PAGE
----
Daily Distraction: Walk the grounds of Newark's Octagon Earthworks

Get full access to the ancient site on April 11 and 12, just before the Ohio Supreme Court hears arguments on whether Ohio History Connection can acquire the lease from Moundbuilders Country Club.

Joel Oliphint
Columbus Alive
Moonrise at the Octagon Earthworks in Newark, on Jan. 2, 2007. (Photo by Timothy E. Black)

Ohio is filled with ancient, man-made earthworks that are perfect for history-steeped daytrips. 

Many of these earthen structures were destroyed in the last few centuries, including two mounds just down the road from my Clintonville home that survived until the 1950s, when neighbors voted to turn the site into a Dominion Land Company subdivision rather than preserve it as a park. But visitors can still visit sites such as the Hopewell Culture National Historic ParkSerpent Mound and others.

Newark, Ohio, is home to an enormous, 2,000-year-old set of geometric earthworks built by indigenous people now known as the Hopewell culture. Within the Newark Earthworks complex is the 50-acre Octagon, which boasts eight earthen walls, each about 550 feet long and 5 to 6 to six feet high. (I wrote about the Octagon for Smithsonian magazine's January/February issue; check out the interactive map here.) It's an awe-inspiring site, but it's also on the private grounds of Moundbuilders Country Club, meaning that it's rarely open to the public.

The golf club leases the Octagon grounds from Ohio History Connection, and under the current agreement, the public gets full access to the site only a few days every year. The good news is, two of those days are coming up: On Sunday, April 11, and Monday, April 12, the Octagon Earthworks will be open from daylight to dusk, with Ohio History staff on site from noon to 4 p.m. each day to answer questions. After that, the next open days are on July 26 and October 17.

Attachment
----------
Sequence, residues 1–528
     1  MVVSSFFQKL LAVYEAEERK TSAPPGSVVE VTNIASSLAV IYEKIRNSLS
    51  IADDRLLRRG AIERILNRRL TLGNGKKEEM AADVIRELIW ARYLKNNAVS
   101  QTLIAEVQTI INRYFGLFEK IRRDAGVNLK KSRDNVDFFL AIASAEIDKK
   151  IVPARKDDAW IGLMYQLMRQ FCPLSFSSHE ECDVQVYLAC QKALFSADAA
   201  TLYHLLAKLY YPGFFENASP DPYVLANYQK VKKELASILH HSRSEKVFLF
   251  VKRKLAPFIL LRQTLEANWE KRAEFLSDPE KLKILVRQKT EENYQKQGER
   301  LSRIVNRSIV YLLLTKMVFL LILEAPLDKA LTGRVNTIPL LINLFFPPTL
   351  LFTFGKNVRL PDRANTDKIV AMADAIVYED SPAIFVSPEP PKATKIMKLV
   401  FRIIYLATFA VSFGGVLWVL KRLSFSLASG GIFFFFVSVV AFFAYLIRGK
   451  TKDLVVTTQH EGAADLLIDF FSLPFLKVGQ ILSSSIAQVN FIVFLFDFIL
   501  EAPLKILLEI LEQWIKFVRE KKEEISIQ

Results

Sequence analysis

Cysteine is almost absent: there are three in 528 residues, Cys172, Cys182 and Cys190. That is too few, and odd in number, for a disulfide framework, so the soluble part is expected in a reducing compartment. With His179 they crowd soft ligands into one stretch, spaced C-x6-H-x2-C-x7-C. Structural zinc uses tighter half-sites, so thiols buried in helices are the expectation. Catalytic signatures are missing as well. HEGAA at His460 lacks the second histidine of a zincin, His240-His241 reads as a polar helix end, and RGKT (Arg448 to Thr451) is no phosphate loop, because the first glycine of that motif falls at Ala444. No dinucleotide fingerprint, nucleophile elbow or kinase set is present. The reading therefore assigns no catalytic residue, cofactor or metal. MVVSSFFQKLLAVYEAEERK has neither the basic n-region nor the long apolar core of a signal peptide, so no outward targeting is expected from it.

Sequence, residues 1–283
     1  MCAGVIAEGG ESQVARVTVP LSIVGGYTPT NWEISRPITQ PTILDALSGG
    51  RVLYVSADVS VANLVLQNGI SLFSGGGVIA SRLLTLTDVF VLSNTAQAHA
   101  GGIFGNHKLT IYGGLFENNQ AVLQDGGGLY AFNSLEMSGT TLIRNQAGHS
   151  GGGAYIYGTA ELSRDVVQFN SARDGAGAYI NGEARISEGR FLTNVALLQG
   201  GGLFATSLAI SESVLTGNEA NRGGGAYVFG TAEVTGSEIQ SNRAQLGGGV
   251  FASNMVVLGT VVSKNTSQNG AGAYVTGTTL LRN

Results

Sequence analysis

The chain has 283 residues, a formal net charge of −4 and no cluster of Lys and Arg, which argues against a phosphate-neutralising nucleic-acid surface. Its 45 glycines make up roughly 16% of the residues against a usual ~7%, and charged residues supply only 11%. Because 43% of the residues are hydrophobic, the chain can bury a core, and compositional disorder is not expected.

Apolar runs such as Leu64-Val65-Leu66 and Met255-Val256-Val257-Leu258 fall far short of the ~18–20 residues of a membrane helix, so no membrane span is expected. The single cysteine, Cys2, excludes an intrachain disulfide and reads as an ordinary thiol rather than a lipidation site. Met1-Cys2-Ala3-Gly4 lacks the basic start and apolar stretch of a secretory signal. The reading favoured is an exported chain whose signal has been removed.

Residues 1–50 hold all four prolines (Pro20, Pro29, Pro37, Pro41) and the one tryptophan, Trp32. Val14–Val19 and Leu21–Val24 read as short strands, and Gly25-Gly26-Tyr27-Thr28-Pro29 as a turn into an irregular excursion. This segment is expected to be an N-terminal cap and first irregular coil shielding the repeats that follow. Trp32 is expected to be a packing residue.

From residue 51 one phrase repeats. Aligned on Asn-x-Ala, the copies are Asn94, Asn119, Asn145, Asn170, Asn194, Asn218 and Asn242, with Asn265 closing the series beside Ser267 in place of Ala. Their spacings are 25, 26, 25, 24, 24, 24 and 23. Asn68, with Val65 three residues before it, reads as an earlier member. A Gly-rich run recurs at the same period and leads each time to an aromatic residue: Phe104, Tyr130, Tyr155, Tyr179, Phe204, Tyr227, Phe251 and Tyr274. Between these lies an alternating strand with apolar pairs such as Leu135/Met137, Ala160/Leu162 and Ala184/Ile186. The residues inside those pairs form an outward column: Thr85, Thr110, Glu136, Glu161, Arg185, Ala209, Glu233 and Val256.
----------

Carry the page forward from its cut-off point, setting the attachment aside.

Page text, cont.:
That could soon change, though. For several years, Ohio History Connection has been trying to acquire the lease from Moundbuilders. (OHC has owned the site since 1933.) The case has been winding its way through the legal system, and on Tuesday, April 13, the Ohio Supreme Court will hear arguments on whether OHC has the authority to buy out the lease. (In January of last year, a state appeals court ruled in favor of OHC.) The Supreme Court's decision will have repercussions on Ohio History Connection's bid to get UNESCO's coveted World Heritage designation for the Hopewell Ceremonial Earthworks, which includes the Newark Earthworks. Without full public access to all of the nomination's included earthworks, the designation would prove nearly impossible.